Tips to Help Parents Control their Anger When Dealing With Children
Anger can be a powerful emotion for both parents and children alike. It is important to learn how to control your anger when parenting to ensure that both you and your child are safe and healthy. There are several strategies you can use to help you control your anger and ensure that you remain calm and collected when parenting.
Have you ever said to yourself, “I will never yell at my kids now that I’m a parent”? Now that you’re a parent, it’s no surprise that your patience is at an all-time low when your child is tearing up your furniture and throwing things about the room. After all, by the time they’re your own age, most children are testing your limits with their constant questioning and testing of your boundaries. As a parent experiencing a child’s tantrum for the very first time in your life, you may think that screaming your head off is going to solve the problem. But it doesn’t. So how do you keep your anger in check so that you don’t let it ruin your day? Well, we’re here to help. Find out how to not lose your cool when your child is throwing a tantrum in this article.
Human nature requires that we periodically enter “fight or flight” mode, and when we do, our own children might start to appear like the enemy. When we allow anger control us, our bodies become dangerous instruments. Every time we experience an emotion, our bodies release a tidal wave of hormones and neurotransmitters. These triggers raise blood pressure, pulse rate, and breathing rate, all of which add to the sense of tension already present in the body. It’s tough to stay calm under pressure, but as parents, we know that yelling at our kids isn’t what we really want to do, even if it might make us feel better in the moment. Keep in mind that your wrath, not your children, is the main threat. Here are some strategies you may use to combat your anger and win.
Limit Your Anger
When we lose our cool with our kids, it’s usually because we haven’t established a strong enough boundary around their irritating behaviour. When you’re in a state of rage, that’s when it’s time to act. But you can’t shout at them; you have to act constructively to stop the annoying behaviour before it escalates.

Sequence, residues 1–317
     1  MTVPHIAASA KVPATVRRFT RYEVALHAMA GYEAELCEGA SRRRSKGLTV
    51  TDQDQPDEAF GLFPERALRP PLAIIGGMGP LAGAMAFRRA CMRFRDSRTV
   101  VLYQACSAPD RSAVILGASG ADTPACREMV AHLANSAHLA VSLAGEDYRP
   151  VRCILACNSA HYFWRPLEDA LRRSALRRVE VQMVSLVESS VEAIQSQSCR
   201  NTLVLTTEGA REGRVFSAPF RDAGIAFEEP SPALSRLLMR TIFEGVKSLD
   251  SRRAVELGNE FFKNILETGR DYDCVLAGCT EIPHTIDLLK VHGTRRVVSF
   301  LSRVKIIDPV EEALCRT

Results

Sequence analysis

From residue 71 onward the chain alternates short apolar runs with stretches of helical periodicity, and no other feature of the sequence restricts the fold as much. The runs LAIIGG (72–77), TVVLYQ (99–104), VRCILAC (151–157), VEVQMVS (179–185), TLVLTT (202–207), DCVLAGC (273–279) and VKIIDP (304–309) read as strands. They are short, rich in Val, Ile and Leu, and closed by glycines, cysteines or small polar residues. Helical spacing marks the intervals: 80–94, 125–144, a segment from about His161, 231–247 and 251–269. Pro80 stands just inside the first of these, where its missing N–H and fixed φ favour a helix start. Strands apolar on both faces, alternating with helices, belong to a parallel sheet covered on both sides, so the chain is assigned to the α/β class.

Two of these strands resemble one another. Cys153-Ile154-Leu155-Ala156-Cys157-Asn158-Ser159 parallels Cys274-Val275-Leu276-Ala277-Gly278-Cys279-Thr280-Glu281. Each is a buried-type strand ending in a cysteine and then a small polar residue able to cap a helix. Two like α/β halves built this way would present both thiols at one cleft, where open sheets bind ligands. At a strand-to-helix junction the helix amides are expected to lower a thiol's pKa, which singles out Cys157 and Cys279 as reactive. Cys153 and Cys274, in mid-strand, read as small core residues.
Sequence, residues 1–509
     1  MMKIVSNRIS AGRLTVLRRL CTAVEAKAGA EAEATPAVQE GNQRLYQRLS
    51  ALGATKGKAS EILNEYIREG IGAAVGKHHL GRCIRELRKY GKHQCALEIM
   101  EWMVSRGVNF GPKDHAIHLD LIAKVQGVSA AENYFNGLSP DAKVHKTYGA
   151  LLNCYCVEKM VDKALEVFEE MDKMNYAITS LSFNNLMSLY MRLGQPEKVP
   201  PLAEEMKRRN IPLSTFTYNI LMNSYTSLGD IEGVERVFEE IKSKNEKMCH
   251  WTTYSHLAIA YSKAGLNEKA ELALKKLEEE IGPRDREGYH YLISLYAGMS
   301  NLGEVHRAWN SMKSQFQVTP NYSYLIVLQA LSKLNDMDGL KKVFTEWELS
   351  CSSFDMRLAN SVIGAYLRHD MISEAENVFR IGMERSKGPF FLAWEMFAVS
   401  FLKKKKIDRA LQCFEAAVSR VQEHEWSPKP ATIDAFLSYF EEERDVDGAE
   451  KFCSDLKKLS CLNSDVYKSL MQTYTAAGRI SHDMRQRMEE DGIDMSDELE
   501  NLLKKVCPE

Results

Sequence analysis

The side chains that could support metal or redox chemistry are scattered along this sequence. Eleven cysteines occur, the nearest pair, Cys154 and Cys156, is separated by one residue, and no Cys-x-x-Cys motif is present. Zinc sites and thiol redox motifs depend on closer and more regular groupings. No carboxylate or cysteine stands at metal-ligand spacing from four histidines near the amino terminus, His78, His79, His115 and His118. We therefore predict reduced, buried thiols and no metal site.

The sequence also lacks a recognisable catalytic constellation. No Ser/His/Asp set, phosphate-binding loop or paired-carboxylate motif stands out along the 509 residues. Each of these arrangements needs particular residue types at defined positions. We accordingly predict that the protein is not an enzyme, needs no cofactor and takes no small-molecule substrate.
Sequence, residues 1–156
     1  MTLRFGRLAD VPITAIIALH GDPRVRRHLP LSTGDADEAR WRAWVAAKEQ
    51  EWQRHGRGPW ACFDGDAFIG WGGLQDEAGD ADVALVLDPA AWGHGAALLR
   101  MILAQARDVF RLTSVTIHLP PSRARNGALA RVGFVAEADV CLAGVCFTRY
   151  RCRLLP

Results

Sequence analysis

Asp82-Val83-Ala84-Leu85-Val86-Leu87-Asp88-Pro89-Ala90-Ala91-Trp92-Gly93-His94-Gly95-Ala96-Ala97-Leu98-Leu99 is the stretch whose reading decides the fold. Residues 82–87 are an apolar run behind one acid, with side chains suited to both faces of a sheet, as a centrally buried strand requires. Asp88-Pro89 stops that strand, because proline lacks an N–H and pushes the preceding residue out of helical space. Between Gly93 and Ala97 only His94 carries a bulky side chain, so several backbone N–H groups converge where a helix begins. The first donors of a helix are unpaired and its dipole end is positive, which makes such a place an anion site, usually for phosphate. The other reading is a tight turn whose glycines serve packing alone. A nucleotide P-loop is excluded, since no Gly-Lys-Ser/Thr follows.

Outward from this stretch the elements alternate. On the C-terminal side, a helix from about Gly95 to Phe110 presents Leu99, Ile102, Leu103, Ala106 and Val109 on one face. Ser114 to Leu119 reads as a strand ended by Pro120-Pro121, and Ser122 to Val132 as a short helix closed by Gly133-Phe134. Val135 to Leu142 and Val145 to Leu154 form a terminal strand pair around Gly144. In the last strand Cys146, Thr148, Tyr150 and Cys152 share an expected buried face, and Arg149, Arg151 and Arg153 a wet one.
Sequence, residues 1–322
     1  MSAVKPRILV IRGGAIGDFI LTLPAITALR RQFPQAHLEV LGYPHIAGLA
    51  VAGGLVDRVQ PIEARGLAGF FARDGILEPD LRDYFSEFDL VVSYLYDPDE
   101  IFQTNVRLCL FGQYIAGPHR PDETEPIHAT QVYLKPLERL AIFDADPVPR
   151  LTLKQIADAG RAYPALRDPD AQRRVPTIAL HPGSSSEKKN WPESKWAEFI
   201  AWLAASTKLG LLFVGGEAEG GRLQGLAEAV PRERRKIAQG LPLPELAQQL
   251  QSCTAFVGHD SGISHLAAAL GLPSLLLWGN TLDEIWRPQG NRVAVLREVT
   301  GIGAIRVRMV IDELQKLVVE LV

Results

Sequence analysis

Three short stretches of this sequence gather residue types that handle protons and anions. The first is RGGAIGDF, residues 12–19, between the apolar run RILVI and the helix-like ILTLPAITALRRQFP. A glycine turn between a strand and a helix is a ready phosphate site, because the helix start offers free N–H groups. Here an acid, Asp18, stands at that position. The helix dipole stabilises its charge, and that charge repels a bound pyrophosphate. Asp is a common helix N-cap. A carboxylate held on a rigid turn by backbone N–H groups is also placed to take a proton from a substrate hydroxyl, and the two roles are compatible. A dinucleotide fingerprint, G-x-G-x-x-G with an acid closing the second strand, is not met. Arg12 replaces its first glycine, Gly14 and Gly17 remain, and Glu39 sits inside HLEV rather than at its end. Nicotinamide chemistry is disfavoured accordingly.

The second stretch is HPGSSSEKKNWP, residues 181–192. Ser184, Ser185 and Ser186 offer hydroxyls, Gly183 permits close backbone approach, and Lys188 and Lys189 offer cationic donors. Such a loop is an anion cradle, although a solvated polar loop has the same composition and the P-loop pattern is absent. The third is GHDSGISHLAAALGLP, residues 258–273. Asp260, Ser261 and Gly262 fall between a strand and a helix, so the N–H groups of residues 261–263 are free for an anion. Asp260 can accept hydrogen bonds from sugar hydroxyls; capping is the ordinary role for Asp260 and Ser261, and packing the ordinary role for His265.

If your kids are playing a dangerous game that’s starting to get on your nerves, or if they’re taking too long to finish what you asked, or they’re fighting while you’re on the phone, you may need to stop what you’re doing, confirm your expectations, and redirect them in order to keep things from getting worse.
Listen to yourself
Maybe the answer is simple: enforce the rules before the situation escalates, put the children to bed an hour early, or make peace with a child that doesn’t follow the rules to get them to stop being disrespectful to you.
When one parent doesn’t do their fair share of housework, it’s easy for the second parent to take the fall.
Sometimes we need to see a counsellor or join a support group for those who want to self-help because we’re carrying around pent-up anger that we’re passing onto our children.
Listen to how you sound.
Studies have shown that people respond better when we speak more softly. In the same way, using swear words or other emotional language will only make you and your kids more angry. When we talk to someone, the way we speak and the words we choose can either make us feel better or make the other person feel bad.
Anger is a part of us, just like every other feeling, and we need to learn how to show it in a healthy way, especially around kids. Even though kids can get to you in a lot of different ways, exploding won’t make anything better. As a parent, you need to control your anger and show your inner angel of peace. Once you calm down, you’ve already won half the battle.